Cherie Lamb, Queensland Council of Social Service
Embrace training for kindergarten educators

The EMBRACE Culture in Kindy Program aims to increase kindergarten participation for children from Aboriginal and Torres Strait Islander and Culturally and Linguistically Diverse backgrounds in Queensland.

Our ‘Embracing cultural diversity in kindergarten’ training package is designed to facilitate increased cultural awareness, teach cross-cultural communication skills, and encourage increased parental participation.

We offered our first three courses in the Inala, Logan and Toowoomba/Lockyer Valley areas in Term 4, 2014 and 86 people have attended the training so far.

Whilst the program focuses on diversity in general there is also a specific focus on working with families from refugee backgrounds. The four sessions cover cross cultural awareness, communication, working with refugee families, and encouraging parental participation.

What prompted the development of the professional development program?

One of the issues identified through research, stakeholder and community feedback is that kindergartens do not always provide welcoming and inclusive environments for families from these backgrounds. Families are therefore opting to either keep their children at home or find alternative childcare arrangements. This decision deprives children of a good foundation for school which may ultimately limit their life opportunities.  

Have any unusual, unpredictable issues or results emerged from the courses?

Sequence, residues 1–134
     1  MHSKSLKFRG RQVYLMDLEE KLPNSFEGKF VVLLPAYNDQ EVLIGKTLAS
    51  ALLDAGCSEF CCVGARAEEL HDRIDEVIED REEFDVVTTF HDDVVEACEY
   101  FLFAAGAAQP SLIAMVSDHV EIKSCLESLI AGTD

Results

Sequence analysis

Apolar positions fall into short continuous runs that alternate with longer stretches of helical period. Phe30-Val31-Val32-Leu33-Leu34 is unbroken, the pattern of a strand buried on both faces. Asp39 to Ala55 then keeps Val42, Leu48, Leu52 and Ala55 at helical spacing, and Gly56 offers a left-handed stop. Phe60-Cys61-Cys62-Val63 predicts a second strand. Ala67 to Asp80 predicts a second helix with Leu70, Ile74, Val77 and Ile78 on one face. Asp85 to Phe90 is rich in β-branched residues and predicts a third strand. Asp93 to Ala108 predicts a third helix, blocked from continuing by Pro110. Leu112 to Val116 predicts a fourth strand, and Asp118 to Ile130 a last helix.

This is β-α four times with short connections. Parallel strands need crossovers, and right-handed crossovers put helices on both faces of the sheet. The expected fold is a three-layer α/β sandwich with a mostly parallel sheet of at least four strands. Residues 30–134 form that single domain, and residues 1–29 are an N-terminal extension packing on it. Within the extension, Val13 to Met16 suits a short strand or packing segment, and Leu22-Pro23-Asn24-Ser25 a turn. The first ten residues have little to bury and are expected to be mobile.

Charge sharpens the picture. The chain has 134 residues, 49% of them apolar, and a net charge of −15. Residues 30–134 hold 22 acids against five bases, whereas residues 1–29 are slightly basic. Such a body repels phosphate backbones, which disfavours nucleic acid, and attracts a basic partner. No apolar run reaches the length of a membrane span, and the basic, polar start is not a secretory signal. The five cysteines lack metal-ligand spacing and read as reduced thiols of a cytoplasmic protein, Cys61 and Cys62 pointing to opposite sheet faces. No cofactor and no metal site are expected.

A number of educators who identified as being from either Aboriginal or Torres Strait Islander backgrounds attended the EMBRACE Diversity Training in each of the areas listed above. Several of these participants made comments similar to the following one. “I didn’t think that that coming to a session about refugees would be of any benefit to me and I had considered not even attending that session. However, I did come and found it to be the most beneficial session because I realised that what refugee families have to face is similar to what Aboriginal families are facing, and as a result of this session I will work much better with refugee families in the future”.

What reactions/feedback have you had from participants?

Overwhelmingly, feedback has been very positive with. Eighty-one per cent of participants felt that they now had noticeably more or significantly more skills and confidence to embed diversity.

Participants said that they would like all the sessions to be longer and that they would like more practical activities to take back to the classroom.

One participant who was the child of refugee parents said “I didn’t know what my parents went through because they never talked about their experience as refugees. I understand my parents better now”.

Another participant who had experienced being in a refugee camp as a child disclosed to the group her family’s story of survival particularly in relation to food insecurity.

The three locations have varying indigenous and multicultural population mixes have any significant issues emerged because of this?

Surprising, the issues faced by educators were very similar in each of the regions, and most felt isolated within their own centres, therefore networking was an important part of the training for many of the educators.

Do you plan to run more courses in 2015?

Yes, we plan to run courses in a number of other areas including, but not restricted to Cairns, Bundaberg, Gladstone, Ipswich and North Brisbane including the Caboolture, Carseldine and Strathpine areas.

The EMBRACE team is also currently working on a series of tip sheets and vignettes to upload onto our new website, along with information on upcoming courses across Queensland. More information on our new website will be available early in 2015, so stay tuned!

If you have any questions you can contact Cherie Lamb from the EMBRACE team on 07 3004 6930 or [email protected]

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